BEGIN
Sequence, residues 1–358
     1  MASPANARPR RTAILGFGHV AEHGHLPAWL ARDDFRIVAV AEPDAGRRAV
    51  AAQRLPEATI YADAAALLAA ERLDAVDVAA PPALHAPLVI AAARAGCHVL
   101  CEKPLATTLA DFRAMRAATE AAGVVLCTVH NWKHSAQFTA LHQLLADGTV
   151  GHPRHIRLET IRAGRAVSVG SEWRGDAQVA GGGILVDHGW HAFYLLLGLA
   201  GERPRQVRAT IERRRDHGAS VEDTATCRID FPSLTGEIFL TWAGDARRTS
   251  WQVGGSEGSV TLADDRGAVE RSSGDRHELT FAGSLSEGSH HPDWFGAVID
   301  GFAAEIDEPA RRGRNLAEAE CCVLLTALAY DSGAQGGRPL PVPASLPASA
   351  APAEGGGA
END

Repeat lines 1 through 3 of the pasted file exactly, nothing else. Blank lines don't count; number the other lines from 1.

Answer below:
Sequence, residues 1–358
     1  MASPANARPR RTAILGFGHV AEHGHLPAWL ARDDFRIVAV AEPDAGRRAV
    51  AAQRLPEATI YADAAALLAA ERLDAVDVAA PPALHAPLVI AAARAGCHVL